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Salamander embryos grow inside egg capsules that are covered with and usually infiltrated by a specific type of green algae. Photo courtesy Roger Hangarter / Indiana University.
A species of algae long known to associate with the spotted salamander (Ambystoma maculatum) has now been discovered to actually live within the cells of its developing embryos, according to a team of scientists from the U.S. and Canada. This is the first known example of a eukaryotic algae living stably inside the cells of any vertebrate.
"It raises the possibility that more animal/algae symbiosis exist that we are not aware of," said Indiana University Bloomington biologist Roger Hangarter, the report's sole American coauthor. "Since other salamanders and some frog species display similar algae/egg symbiosis, it is possible that some of those will also have the type of endosymbiosis we have seen in the spotted salamander.”
"We were particularly excited to discover this association in spotted salamander embryos, because this species was a model organism for early experimental embryology research and is a locally common salamander in eastern North America," study author Ryan Kerney explained. "We hope that this study will highlight biodiversity research on common North American species, which can easily be overlooked or even considered over-studied."
The rarity of vertebrate endosymbiosis, as the cell-within-a-cell association is called, is thought to be the result of the highly-effective immune systems of these animals. Any foreign cell that manages to get as far as breaching a vertebrate cell membrane is then treated as hostile and normally destroyed.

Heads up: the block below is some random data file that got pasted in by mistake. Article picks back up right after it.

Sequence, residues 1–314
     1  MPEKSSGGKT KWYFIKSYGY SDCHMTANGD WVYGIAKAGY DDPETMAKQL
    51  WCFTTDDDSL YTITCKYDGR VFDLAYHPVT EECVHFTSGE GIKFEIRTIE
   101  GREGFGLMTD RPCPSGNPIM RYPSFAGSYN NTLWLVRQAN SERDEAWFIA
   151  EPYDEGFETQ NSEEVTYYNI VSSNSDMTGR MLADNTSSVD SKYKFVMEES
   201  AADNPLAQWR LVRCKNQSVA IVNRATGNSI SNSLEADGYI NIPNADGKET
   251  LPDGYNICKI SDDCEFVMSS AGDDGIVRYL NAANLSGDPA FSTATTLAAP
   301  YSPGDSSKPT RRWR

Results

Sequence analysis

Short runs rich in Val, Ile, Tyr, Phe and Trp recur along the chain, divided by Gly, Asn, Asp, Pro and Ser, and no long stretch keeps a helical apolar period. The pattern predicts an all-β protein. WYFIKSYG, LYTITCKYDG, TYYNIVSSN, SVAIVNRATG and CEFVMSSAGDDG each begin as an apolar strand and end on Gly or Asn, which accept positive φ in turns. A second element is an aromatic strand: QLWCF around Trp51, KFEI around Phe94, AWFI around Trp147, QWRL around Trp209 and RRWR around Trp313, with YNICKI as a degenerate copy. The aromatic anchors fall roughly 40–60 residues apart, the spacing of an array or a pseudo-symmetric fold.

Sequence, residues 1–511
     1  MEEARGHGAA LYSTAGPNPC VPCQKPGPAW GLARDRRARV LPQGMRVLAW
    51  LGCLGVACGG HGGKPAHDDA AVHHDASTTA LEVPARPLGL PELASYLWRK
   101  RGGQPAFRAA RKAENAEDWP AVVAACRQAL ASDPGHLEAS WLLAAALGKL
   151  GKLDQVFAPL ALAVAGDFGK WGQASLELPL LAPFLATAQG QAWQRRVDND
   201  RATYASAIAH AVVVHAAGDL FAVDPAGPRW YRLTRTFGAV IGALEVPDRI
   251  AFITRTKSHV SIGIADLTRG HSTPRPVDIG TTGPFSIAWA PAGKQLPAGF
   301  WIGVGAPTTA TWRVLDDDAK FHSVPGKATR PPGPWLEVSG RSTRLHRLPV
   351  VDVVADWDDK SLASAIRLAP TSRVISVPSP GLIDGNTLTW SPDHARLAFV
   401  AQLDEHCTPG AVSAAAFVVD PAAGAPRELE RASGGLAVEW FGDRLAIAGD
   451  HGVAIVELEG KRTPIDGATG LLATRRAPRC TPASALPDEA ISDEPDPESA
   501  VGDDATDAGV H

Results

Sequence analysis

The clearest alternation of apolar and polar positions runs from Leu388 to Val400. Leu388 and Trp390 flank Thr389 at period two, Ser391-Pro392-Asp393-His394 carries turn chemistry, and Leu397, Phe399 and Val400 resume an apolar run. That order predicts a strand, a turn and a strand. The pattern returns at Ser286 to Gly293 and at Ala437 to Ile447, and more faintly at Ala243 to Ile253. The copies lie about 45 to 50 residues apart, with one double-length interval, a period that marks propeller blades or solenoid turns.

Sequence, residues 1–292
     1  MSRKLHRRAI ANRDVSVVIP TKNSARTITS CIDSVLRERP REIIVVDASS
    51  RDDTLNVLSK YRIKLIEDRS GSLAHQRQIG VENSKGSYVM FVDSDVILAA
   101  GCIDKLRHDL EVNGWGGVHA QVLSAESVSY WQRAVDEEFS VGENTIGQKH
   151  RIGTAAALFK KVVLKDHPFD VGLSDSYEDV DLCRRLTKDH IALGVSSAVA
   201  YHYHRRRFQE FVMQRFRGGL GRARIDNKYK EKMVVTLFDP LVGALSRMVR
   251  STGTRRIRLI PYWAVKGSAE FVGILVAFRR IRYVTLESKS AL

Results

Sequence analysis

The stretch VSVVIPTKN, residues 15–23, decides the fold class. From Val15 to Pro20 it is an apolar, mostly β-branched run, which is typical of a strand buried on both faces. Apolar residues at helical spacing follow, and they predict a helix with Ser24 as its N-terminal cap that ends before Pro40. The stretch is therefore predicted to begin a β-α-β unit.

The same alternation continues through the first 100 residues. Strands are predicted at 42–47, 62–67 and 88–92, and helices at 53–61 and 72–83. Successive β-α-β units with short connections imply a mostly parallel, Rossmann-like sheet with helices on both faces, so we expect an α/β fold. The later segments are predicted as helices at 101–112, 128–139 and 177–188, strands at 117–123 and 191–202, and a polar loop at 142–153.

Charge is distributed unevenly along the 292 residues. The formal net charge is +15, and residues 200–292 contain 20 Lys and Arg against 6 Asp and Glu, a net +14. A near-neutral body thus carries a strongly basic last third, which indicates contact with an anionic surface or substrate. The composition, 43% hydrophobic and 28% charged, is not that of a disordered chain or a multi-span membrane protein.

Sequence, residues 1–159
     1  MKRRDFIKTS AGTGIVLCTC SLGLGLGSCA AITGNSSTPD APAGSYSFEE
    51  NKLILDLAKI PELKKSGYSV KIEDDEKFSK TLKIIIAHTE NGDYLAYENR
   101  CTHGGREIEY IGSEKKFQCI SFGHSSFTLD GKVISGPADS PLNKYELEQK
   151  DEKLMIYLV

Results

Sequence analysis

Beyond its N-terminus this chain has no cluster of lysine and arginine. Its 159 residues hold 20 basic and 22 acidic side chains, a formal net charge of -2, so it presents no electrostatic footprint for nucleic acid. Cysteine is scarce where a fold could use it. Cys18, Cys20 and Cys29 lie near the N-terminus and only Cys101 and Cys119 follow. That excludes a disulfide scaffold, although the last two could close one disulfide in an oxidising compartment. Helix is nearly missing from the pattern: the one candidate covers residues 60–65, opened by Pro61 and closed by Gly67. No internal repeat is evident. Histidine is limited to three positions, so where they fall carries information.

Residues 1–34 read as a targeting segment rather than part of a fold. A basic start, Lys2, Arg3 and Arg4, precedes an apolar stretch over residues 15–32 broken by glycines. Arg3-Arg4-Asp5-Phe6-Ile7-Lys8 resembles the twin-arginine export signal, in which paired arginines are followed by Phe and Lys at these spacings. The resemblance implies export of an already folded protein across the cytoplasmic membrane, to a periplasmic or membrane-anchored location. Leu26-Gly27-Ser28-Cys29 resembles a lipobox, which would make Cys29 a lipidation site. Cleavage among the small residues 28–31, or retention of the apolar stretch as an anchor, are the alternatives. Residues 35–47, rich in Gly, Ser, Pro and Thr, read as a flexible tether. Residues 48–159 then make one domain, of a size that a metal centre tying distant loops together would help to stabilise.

Naturalists first noticed an association between spotted salamander eggs and green algae more than 100 years ago. This relationship was formalized by name in 1927 by Lambert Printz, who named the algal species Oophilia amblystoma, with its generic name meaning “egg-loving.”
The nature of this mutually-beneficial relationship or symbiosis was not discovered until the 1980s, when experimentation revealed the salamander embryos do not develop as quickly or as fully in the absence of the green algae. Likewise, algae grown separately from the embryos but in the presence of water exposed to the embryos also grew more robustly.
Despite decades of study however, the revelation of an endosymbiosis between the amphibian and algae took many by surprise when Kerney presented his preliminary information at a scientific meeting. The reason, according to Hangarter, is that the algae cells were not easy to see by conventional light microscopy. Because the chlorophyll in the algae is highly fluorescent however, the scientists were able to use modern fluorescent microscopy to display its whereabouts.
They also used a short string of nucleic acids that targets and binds to a ribosomal RNA molecule unique to Oophilia, and by utilizing a visualization technique called fluorescence in situ hybridization, they were able to confirm that the algae RNA is actually present within the spotted salamander embryo cells.
"With the ability to use gene-specific probes, it is now possible to determine the presence of organisms that may not be easily visible by standard light microscopy," Hangarter said. "In the past, researchers looking with simpler light microscopy techniques than are available today simply failed to see any algae in the salamanders."
* The paper Intracellular invasion of green algae in a salamander host by Ryan Kerney, Eunsoo Kim, Roger P. Hangarter, Aaron A. Heissa, Cory D. Bishop and Brian K. Hall, published in the Proceedings of the National Academy of Sciences, is online here.